The headphones' noise cancellation technology -- something Apple dubs "Pure Adaptive Noise Cancelling," or Pure ANC -- does a reasonable job of filtering out droning sound, such as air conditioners. It's nothing special in practice however and as with other noise-cancelling headsets, you'll still hear irregular sounds such as talking, albeit muffled.

For phone calls and Siri, the Studio3 has built-in microphones on an earpiece and the wired remote. In our limited testing, we had little trouble being understood using the earpiece mic, albeit walking around a quiet space.

Speaking of walking, the headphones maintained an absolutely solid Bluetooth connection while we wandered around a two-story house, leaving our paired iPhone sitting in a top-floor office. This even included entering a detached garage, though the connection did cut out when we crossed the street.

Officially battery life is rated at 40 hours without Pure ANC, and 22 hours with it on (the default setting). We weren't able to test this with lab-like precision, but in two days of heavy wired and wireless use with noise cancellation on whenever possible, we were down to 51 percent charge. That bodes well for people wanting to use Studio3 at work or on vacation, assuming of course that comfort issues don't come into play.

Even if the battery were disappointing, Apple's Fast Fuel technology promises 3 hours of playback with a 10-minute charge. We were able to get from 51 percent to 60 percent in five minutes, and from 60 to 80 in 15 minutes.

Conclusions

Should you get the Studio3? It doesn't sound much better than even the Solo2 Wireless, and costs $50 more than the Solo3, which is a tough sell when Bose's QuietComfort 35 headphones are available for $329. Sony's MDR-1000X costs about as much as the Studio3, but should likewise get some consideration before committing.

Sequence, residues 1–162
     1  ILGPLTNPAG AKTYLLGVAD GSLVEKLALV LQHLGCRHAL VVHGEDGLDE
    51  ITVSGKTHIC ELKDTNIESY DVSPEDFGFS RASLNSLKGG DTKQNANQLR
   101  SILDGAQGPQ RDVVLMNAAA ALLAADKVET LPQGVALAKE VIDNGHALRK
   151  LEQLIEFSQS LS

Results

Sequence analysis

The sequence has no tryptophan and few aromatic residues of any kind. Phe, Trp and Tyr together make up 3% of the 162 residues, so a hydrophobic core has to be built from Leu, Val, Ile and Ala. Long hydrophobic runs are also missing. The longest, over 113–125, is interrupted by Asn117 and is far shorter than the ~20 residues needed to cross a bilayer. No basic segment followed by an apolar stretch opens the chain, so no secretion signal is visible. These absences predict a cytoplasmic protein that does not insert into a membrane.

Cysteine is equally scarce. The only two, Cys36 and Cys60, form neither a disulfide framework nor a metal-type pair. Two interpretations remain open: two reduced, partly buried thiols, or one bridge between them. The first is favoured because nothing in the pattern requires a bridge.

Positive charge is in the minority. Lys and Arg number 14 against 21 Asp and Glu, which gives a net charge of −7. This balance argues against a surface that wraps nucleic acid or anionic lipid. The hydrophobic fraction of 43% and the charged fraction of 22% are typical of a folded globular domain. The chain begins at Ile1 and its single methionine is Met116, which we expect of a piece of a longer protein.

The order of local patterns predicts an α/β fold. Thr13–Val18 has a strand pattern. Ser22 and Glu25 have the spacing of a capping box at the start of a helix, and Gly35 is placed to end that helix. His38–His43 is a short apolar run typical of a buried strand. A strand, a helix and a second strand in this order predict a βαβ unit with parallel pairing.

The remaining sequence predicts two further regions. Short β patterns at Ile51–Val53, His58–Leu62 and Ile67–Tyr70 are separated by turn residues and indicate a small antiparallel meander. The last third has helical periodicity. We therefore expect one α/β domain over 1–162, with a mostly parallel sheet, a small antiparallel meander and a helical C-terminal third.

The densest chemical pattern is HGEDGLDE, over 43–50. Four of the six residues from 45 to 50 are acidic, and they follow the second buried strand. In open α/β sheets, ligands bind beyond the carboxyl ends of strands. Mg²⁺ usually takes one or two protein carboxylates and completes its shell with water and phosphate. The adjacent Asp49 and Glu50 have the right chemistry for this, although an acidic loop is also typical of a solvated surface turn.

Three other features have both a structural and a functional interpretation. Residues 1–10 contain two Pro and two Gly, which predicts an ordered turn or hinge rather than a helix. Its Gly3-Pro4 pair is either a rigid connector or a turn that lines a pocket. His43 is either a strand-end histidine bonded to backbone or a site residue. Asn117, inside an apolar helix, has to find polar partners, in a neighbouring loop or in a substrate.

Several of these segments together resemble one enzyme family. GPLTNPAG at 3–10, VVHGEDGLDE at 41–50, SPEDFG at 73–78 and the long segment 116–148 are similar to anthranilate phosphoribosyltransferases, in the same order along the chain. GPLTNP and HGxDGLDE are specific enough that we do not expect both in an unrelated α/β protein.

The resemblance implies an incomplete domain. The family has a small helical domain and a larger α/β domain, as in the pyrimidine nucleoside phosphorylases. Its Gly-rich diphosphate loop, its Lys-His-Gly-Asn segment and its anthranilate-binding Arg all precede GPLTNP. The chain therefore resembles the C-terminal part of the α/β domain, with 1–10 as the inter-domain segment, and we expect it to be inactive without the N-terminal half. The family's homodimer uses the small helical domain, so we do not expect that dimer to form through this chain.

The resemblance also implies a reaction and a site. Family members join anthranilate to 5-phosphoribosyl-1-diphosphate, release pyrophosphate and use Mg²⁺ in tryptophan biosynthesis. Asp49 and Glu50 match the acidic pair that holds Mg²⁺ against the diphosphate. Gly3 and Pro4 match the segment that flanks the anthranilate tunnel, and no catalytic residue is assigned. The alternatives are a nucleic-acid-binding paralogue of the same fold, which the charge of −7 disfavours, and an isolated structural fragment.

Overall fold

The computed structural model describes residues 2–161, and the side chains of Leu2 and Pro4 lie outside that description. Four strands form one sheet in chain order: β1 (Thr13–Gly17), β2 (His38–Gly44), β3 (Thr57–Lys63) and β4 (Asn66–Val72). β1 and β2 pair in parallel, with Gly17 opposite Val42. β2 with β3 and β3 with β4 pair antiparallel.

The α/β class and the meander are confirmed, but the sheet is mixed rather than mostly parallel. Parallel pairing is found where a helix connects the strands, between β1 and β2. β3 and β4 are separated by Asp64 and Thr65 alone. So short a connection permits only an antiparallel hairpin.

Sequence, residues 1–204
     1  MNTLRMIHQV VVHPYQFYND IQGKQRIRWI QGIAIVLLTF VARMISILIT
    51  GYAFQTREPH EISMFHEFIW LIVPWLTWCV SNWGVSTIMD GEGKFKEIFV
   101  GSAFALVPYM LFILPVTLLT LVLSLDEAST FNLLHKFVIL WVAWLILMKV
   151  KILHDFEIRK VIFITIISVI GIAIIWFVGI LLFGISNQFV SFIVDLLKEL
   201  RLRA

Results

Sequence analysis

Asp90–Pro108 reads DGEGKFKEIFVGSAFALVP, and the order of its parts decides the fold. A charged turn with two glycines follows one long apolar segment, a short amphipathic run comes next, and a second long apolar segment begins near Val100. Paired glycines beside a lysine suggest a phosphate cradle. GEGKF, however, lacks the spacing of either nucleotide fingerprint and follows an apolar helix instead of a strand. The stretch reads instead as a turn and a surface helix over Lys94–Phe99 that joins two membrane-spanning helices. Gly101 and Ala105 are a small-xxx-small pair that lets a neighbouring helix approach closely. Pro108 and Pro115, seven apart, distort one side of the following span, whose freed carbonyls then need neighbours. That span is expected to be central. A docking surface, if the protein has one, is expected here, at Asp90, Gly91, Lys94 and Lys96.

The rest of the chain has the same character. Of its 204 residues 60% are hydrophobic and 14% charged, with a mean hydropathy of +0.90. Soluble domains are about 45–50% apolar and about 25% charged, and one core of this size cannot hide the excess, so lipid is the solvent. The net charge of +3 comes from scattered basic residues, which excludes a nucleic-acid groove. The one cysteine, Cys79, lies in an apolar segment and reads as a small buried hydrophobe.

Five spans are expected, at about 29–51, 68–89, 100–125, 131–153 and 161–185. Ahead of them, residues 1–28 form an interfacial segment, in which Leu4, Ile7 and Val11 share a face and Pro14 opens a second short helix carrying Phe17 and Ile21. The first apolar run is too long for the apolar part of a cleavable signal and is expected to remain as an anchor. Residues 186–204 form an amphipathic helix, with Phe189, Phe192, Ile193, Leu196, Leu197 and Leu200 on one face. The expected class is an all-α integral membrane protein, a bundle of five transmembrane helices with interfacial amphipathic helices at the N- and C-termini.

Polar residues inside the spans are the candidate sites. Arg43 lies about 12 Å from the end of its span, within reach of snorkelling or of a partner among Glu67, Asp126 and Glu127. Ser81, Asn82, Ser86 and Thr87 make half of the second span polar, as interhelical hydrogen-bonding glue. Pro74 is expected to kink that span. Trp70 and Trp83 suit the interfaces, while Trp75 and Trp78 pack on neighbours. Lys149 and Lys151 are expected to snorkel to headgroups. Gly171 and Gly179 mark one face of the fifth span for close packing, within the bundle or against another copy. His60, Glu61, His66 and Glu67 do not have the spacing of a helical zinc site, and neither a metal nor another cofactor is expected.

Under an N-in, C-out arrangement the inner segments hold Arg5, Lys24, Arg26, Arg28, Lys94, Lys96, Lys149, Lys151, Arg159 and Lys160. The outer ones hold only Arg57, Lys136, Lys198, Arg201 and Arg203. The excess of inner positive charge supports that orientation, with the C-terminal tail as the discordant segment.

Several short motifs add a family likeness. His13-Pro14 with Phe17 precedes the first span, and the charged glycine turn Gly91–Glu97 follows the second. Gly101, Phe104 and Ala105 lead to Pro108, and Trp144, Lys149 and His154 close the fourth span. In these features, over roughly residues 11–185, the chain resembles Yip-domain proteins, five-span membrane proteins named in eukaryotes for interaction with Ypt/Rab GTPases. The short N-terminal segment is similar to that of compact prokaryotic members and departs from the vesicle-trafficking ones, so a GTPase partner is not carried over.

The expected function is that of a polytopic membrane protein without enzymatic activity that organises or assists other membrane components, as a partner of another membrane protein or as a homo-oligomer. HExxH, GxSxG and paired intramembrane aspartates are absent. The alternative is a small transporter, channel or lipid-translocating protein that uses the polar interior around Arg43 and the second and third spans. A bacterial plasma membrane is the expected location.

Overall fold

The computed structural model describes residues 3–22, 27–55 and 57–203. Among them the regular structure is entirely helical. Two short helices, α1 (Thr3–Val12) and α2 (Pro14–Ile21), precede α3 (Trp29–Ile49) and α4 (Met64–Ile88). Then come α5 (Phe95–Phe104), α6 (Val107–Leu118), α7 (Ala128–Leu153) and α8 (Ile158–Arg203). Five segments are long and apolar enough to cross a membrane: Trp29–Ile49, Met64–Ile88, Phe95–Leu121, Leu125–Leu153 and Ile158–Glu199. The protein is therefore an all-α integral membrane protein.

If you want Apple W1 features and noise cancellation, this is the only game in town. Some people will also prefer the Beats look as a fashion statement.

We would recommend listening to all of the above headphones, if possible, and simply going with whatever improves your favorite genres of music. If that isn't an option, the Studio3 is at least a safe bet.

Score: 4 out of 5

Where to buy

At the moment, only Apple is actively shipping the Studio3, at a cost of $349.95. Authorized resellers are accepting preorders.

B&H Photo currently has listings for four out of five colors and will not collect sales tax on orders shipped outside NY and NJ, saving many shoppers $28 on average compared with buying direct. Those who want to pick up the Studio3 in Shadow Gray will need to order from Apple or Best Buy, both of which collect sales tax in all applicable states.

Beats Studio3 Wireless in Matte Black for $349.95 @B&H * ($28 off in tax outside NY & NJ)

Beats Studio3 Wireless in Blue for $349.95 @B&H * ($28 off in tax outside NY & NJ)

Beats Studio3 Wireless in Red for $349.95 @B&H * ($28 off in tax outside NY & NJ)

Beats Studio3 Wireless in White for $349.95 @B&H * ($28 off in tax outside NY & NJ)

Beats Studio3 Wireless in Shadow Gray for $349.99 @Best Buy ! (Special financing offer)

* B&H will not collect sales tax on orders shipped outside NY & NJ.

! No interest if paid in full within 6 months using the Best Buy Credit Card. See site for terms & conditions.